Burundi Culture and Traditions

This African State, extended on the raised threshold that separates the Congo basin from that of the Nile, on the edge of the so-called Upper Africa, can be considered a “frontier” country, not only morphologically but also politically, being located between the Republic Democratic Congo, formerly dependent on Belgium, Tanzania (formerly German dominion, then English) and Rwanda. As a country located in Africa according to Collegesanduniversitiesinusa, Burundi owes much of its history, even the most recent, to this position. Since the century XVIII its history was characterized by the coexistence of the Tutsi (prevailing politically) and Hutu ethnic groups (majority in numerical terms). Coexistence, although difficult, was maintained on a level playing field until a few years after independence (proclaimed in 1962): a real genocide was perpetrated when a Tutsi exponent took power, in conjunction with the rise to power of the Hutus in neighboring Rwanda. Since then there have been bloody tribal clashes that have caused hundreds of thousands of victims and waves of refugees to neighboring countries. Furthermore, Burundi is an overpopulated country, whose economy is essentially based on subsistence agriculture and which is at the mercy of fluctuations in the prices of the world market for coffee (the main exported product). Consequently, the social situation is also extremely difficult: malnutrition,


Typical objects of traditional handicraft are the woven baskets, created by Tutsi women; they are made of papyrus fiber, raffia and banana leaves, and are decorated with elaborate designs in natural dyes. The baskets have various uses: to carry the water containers and loads on the head, to stow the crockery with the food to be stored. Other artifacts include objects of leather and iron, almost always decorated with geometric patterns similar to those of the baskets. The blacksmiths, with an art that has been handed down from father to son, model spears for war and hunting. The twa are famous for their pottery, the tradition of which is thousands of years old. Burundi has a unique and ancient musical heritage: families come together to sing traditional songs (imvyino) characterized by a short, rhythmic refrain, which includes improvised verses. The song called indirect is instead performed by a single cantor or a small group. Men perform rhythmic chants (kwishongora), with screams and vocalizations, while typically feminine is a form of sentimental song (bilito). The so-called ‘sighing song’ is part of the typical music of Burundi: it is performed with a low tone of voice, so that the accompaniment of the instruments is heard very clearly. The songs are accompanied by the inanga, an instrument with six or eight strings that vibrate on a hollow box; the idono, a violin with a single string; the ikihusehama, wind instrument similar to a clarinet. Drums are both musical instruments and symbols of power and social status: several men can play the same drum at the same time and alternate solo. Dance is also an integral part of the culture; a particular form of Tutsi dance performed by a group of very skilled and highly trained dancers has become known internationally: they are the Tambouinaires du Burundi, who have also performed in Berlin and New York. The dancers wear leopard-skin headdresses and dresses, staging an elaborate choreography characterized by jumps. The dance has its origins in the ceremonies of the royal court at the time of the Tutsi tribe. The most commonly consumed foods are beans, corn, peas, millet, sorghum, cassava, sweet potatoes and bananas. The cassava root is washed, crushed and filtered, the sorghum is reduced to flour to make porridge or loaves; with porridge you make balls with your hands that dip into the sauce. The diet consists mainly of carbohydrates; vitamins are obtained through fruits and vegetables; few fats and proteins, so much so that meat is only 2% of the diet (fish is eaten only around Lake Tanganyika). As a result there are many and serious cases of malnutrition. so much so that meat is only 2% of the diet (fish is eaten only around Lake Tanganyika). As a result there are many and serious cases of malnutrition. so much so that meat is only 2% of the diet (fish is eaten only around Lake Tanganyika). As a result there are many and serious cases of malnutrition.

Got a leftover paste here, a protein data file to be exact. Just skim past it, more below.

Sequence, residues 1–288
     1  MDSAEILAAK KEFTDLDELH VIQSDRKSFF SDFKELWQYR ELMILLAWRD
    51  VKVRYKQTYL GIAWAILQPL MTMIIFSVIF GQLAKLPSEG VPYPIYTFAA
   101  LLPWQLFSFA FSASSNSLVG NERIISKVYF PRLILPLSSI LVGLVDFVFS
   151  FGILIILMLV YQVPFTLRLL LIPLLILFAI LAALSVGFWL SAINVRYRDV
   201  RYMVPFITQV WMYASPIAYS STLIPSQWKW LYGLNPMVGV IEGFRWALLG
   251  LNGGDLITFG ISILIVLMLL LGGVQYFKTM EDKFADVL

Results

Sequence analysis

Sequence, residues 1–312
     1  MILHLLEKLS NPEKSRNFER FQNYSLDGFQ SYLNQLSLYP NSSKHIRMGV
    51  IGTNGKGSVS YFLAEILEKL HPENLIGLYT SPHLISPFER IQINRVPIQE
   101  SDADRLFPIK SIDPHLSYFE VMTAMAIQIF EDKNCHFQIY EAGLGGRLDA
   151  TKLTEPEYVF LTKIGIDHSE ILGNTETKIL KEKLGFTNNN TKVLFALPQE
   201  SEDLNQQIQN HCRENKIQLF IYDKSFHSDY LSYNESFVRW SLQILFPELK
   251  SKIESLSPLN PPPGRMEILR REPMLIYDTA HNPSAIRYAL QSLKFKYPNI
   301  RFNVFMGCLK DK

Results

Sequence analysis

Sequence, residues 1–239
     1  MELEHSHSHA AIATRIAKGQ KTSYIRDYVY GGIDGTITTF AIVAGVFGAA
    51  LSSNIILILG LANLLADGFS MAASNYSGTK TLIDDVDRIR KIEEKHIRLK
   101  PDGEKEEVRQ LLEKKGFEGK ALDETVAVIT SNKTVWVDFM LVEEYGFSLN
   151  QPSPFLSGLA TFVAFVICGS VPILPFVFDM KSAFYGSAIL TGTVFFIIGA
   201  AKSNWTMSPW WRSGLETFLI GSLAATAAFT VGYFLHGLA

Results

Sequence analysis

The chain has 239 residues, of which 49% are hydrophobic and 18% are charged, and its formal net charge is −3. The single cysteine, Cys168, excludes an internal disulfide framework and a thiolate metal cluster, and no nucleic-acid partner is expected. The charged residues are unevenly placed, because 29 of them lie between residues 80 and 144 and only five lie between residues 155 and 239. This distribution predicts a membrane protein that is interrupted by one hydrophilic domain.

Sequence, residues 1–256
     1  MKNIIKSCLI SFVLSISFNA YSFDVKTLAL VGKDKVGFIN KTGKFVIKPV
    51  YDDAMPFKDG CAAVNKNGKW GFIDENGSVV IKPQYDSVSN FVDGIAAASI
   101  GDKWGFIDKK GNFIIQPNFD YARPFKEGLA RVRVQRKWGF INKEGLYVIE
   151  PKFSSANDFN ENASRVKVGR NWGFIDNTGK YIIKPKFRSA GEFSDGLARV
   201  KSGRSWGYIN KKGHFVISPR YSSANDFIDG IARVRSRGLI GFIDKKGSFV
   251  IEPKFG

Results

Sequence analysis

Oral literature, in KiRundi language, is very rich, and includes popular and noble genres, recited by professionals. Among the most important we mention: the ivyvugo or amazina, sung or recited in cadence, rich in allusions and metaphors, celebrating warriors or cattle, hunters or hunting dogs; the ibicuba, sung by herdsmen to incite or calm the herds; the ibitico, short stories interspersed with songs; the imvyino, tales rhythmized by the clapping of the hands, with dances; the address, accompanied by a musical instrument. The main themes are historical traditions, the lives of exceptional men or monsters. Writers in French are scarce; the first works are from the 1950s. Noteworthy is the philosophical essay La dialectica dei Burundi (1959) by A. Makarakiza. In 1968, the novel On the footsteps of my father by M. Kayoya (1934-1972), also published in Italy in 1975, appeared. Nsanze, by BF Kirarangaya, M. Manikaraza, G. Mpozagara, E. Mworoha, B. Muzungu. The narrative developed until the eighties, with the novels of Nadine Nyangoma, as well as the theater, in which Kamatari stands out with Soweto (1980).

Burundi Culture

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